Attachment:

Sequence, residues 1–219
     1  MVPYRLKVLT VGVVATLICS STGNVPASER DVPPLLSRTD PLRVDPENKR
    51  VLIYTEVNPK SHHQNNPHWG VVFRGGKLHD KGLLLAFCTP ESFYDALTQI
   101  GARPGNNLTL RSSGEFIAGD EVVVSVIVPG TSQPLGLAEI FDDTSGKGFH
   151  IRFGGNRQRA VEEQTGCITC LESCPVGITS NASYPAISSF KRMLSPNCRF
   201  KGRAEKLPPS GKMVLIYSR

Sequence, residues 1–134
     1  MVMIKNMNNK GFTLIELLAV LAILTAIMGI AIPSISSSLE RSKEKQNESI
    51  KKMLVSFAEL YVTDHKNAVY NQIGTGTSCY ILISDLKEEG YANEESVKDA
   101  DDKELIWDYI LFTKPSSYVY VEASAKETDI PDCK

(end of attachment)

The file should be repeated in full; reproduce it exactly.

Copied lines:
Sequence, residues 1–219
     1  MVPYRLKVLT VGVVATLICS STGNVPASER DVPPLLSRTD PLRVDPENKR
    51  VLIYTEVNPK SHHQNNPHWG VVFRGGKLHD KGLLLAFCTP ESFYDALTQI
   101  GARPGNNLTL RSSGEFIAGD EVVVSVIVPG TSQPLGLAEI FDDTSGKGFH
   151  IRFGGNRQRA VEEQTGCITC LESCPVGITS NASYPAISSF KRMLSPNCRF
   201  KGRAEKLPPS GKMVLIYSR

Sequence, residues 1–134
     1  MVMIKNMNNK GFTLIELLAV LAILTAIMGI AIPSISSSLE RSKEKQNESI
    51  KKMLVSFAEL YVTDHKNAVY NQIGTGTSCY ILISDLKEEG YANEESVKDA
   101  DDKELIWDYI LFTKPSSYVY VEASAKETDI PDCK